CHICAGO ( TheStreet) -- Although the airline industry has moved rapidly to a model where it charges fees for nearly every service, it may be headed in the opposite direction in one key area: Internet service.
"Today, there is some mindset that you can charge for Wi-Fi," United (UAL) Chief Financial Officer John Rainey said last week at the Bank of America Merrill Lynch investor conference. "I think candidly, longer term, that may not be the way that product is capitalized on."
Rather, Rainey suggested, it may make more sense to have online retailers cut in the airlines on purchases made by passengers.
"If you look at the possibility to have commercial agreements, you have a captive audience for four hours on a flight," he said. "If that person is going and ordering flowers for their wife or getting dinner reservations or ordering something on Amazon.com, there is commercial possibility there as well.
"I would like to think those commercial possibilities are so abundant there would come a day when we would encourage people to get Wi-Fi and not charge them and have that be an impediment," he said. It is logical for carriers to seek to boost revenue from the use of Wi-Fi because installation is extremely costly, said Jay Sorensen, president of IdeaWorks, which consults on ancillary revenues and branding. "Airlines don't add Wi-Fi for pure financial reasons," Sorensen said. "It's become a sought after amenity that can add market share. So it would make sense to use a free model to boost use and to try to snare revenue from new sources." However, Sorensen added, "Generally, I'm not a big fan of the concept that passengers are frothing at the mouth to buy consumer goods on aircraft." Several carriers are already testing the concept of offering passengers free access to shopping portals. They charge for most Internet access beyond those portals. Delta (DAL) said recently that it will provide passengers with free access to shop on Amazon (AMZN). "Free access to Amazon provides a convenient way to shop online at 30,000 feet for things they want on the ground," said Bob Kupbens, vice president for marketing and digital commerce, in a prepared statement. Delta also provides free access to several other sites including stories from The Wall Street Journal or People magazine. Delta and its regional partners operate about 800 aircraft that are equipped with Wi-Fi, more than any other airline. Delta collects a sales commission from Amazon.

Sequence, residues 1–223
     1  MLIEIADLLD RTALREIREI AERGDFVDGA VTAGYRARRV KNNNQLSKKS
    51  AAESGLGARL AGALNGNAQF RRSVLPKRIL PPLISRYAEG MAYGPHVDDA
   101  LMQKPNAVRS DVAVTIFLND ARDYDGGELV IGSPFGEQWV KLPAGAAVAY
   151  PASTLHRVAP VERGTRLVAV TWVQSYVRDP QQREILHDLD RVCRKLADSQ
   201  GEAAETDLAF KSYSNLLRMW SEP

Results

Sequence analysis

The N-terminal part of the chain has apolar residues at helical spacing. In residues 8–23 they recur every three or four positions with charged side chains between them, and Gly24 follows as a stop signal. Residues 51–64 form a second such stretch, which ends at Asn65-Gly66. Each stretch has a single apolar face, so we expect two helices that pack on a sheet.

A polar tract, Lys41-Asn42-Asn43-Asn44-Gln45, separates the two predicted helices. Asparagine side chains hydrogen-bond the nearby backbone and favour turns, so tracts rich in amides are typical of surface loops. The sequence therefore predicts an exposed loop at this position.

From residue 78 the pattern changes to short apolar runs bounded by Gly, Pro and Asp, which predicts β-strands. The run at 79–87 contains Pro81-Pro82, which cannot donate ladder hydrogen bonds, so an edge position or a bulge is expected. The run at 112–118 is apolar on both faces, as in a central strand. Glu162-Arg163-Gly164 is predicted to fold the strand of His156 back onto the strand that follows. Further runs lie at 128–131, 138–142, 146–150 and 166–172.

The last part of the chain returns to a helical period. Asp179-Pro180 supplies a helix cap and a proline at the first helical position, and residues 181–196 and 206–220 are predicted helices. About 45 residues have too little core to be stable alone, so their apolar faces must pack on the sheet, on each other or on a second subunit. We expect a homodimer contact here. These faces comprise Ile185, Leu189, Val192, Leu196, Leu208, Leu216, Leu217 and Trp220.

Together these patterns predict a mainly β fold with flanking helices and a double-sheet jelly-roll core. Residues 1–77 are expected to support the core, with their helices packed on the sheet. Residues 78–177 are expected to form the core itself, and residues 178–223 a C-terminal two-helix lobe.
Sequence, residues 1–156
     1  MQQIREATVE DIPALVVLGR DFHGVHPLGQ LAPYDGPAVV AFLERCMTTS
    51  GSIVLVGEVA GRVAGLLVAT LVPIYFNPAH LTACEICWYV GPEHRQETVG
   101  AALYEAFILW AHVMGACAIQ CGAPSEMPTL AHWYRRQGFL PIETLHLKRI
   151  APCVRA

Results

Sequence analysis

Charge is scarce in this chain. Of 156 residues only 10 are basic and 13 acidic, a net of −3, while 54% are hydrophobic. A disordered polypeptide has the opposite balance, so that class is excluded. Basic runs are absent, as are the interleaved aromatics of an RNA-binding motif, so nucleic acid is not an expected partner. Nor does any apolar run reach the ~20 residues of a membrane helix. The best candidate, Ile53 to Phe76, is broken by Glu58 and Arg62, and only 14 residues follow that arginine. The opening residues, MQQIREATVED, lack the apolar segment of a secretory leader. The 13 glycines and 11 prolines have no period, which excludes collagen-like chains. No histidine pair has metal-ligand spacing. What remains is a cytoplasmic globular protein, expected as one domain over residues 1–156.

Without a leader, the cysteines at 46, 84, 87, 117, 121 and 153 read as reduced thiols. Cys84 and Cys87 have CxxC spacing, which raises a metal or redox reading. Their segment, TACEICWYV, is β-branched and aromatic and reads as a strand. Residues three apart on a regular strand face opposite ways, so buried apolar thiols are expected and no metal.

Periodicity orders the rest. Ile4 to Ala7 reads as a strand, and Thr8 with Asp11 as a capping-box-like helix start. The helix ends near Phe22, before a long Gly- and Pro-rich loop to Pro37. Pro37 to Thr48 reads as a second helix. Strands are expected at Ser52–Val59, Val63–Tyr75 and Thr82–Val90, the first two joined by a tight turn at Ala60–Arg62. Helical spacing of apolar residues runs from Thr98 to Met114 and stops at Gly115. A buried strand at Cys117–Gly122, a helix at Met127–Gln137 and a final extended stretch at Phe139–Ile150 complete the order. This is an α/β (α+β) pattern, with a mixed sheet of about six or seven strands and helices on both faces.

American (AAMRQ.PK) and US Airways (LCC) have similar arrangements. American provides free access to nine sites including StubHub; People magazine; Groupon; Pogo, a site with games, and Gilt, a shipping site. US Airways offers free access to several sites. American said it negotiates financial arrangements separately with each provider. As usual, Southwest (LUV) has an alternate model: it charges $5 per passenger for Internet. Southwest intends to have WiFi on all its airplanes by the first half of 2013. Meanwhile, JetBlue (JBLU) plans to begin installing WiFi on its planes late this year: it has not announced its pricing plans. -- Written by Ted Reed in Charlotte, N.C. >To contact the writer of this article, click here: Ted Reed >To follow the writer on Twitter, go to http://twitter.com/tedreednc.
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